The House Intelligence Committee chairman has written letters to 11 current and former high-ranking government officials demanding answers to ten questions pertaining to the unverified Steele dossier.
The list includes the question of when former President Obama was briefed about the dossier:
— Sara A. Carter (@SaraCarterDC) February 20, 2018
The FBI used the Clinton-funded, anti-Trump dossier alleging collusion between the Trump campaign and the Russians to obtain a FISA warrant to spy on Trump adviser Carter Page before the 2016 election.
Rep. Devin Nunes (R-CA) asked that the questions be answered by March 2, 2018, according to a committee spokesman. The spokesman did not name the recipients.
“Enclosed please find a series of questions regarding the information contained in the Steele dossier, which was funded by the Democratic National Committee (DNC) and the Hillary for America (Clinton Campaign) and used in the Foreign Intelligence Surveillance Act (FISA) application targeting Carter Page,” the letter begins.
Here are the 10 questions:
- When and how did you first become aware of any of the information contained in the Steele dossier?
- In what form (s) was the information in the Steele dossier presented to you? By whom? (please describe each instance)
- Who did you share this information with? When? (Please describe each instance)
- What official actions did you take as a result of receiving the information contained in the Steele Dossier?
- Did you convene any meetings with the intelligence community and/or law enforcement communities as a result of the information contained in the Steele dossier?
- When did you first learn or come to believe that the Steele dossier was funded by a Democrat-aligned entity?
- When did you first learn or come to believe that the Steele dossier was funded by the Democratic National Committee (DNC) and or Hillary for America (Clinton Campaign)?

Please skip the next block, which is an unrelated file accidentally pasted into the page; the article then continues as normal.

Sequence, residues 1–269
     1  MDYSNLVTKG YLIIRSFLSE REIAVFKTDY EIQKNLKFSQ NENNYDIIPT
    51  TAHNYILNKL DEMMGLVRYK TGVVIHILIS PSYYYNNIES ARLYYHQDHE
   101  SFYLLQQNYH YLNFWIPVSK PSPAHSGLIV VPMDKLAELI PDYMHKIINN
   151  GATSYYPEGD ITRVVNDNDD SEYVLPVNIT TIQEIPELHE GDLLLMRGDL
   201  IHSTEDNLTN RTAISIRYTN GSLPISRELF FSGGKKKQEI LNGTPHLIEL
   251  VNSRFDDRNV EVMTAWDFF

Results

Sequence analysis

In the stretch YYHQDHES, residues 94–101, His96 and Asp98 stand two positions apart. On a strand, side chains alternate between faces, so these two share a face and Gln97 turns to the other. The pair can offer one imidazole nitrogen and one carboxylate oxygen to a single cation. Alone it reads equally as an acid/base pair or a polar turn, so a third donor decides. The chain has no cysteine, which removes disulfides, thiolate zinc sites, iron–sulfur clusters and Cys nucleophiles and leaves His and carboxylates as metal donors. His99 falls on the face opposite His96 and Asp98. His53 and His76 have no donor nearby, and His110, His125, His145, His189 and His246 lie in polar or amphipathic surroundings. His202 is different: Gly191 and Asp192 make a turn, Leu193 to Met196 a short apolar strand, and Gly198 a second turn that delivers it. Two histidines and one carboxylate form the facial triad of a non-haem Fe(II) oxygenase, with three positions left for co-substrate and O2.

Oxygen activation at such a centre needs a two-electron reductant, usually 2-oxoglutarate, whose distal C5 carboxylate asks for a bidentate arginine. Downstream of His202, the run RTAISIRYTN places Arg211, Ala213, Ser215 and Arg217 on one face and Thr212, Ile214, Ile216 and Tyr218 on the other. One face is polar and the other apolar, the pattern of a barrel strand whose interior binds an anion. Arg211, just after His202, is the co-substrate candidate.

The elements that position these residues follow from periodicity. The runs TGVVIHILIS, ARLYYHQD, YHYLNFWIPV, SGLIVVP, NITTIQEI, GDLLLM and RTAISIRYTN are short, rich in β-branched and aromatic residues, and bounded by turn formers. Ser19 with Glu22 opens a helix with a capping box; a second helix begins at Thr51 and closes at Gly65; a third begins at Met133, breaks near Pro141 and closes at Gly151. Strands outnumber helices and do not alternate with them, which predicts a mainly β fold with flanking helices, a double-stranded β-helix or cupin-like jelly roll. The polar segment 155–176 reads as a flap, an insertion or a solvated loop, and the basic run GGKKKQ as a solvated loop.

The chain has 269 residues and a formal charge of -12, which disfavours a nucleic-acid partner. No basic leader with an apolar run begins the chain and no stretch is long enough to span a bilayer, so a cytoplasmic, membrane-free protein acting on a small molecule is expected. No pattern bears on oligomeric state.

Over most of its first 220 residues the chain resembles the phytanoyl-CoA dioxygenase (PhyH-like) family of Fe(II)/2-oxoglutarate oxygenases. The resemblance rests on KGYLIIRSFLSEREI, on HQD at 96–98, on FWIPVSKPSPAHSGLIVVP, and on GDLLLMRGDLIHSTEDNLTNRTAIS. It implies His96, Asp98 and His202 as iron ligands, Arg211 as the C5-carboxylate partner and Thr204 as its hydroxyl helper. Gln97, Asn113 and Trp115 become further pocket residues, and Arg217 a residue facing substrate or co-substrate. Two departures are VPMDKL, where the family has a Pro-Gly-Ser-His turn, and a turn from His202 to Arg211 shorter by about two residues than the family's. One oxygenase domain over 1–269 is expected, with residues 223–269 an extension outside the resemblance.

- When did you first become aware that the Steele dossier was used to obtain a FISA order on Carter Page?
- Was President Obama briefed on any information contained in the dossier prior to January 5, 2017?
- Did you discuss the information contained in the Steele dossier with any reporters or other representatives of the media? If so, who and when?
As Byron York at the Washington Examiner points out, “it is impossible to predict how many recipients will answer Nunes’ letter”:
Some might respond without supplying substantive answers. Some might not respond at all, reasoning that a congressional subpoena ultimately has little power behind it.
But in recent weeks, some former officials, notably State Department veterans Victoria Nuland and Jonathan Winer, have made voluntary public statements about their own knowledge of and involvement in the dossier matter. At least as far as those two are concerned, it seems unlikely they would decline Nunes’ request since they have already talked about the dossier in appearances on television, a widely-distributed podcast, and a Washington Post op-ed.
A congressional subpoena can have “teeth” if Congress chooses to hold someone in contempt should the person refuse to testify or provide documents/answers. Contempt of Congress is a federal misdemeanor, punishable by a maximum $1,000 fine and a maximum one-year sentence in federal prison according to the Legal Information Institute.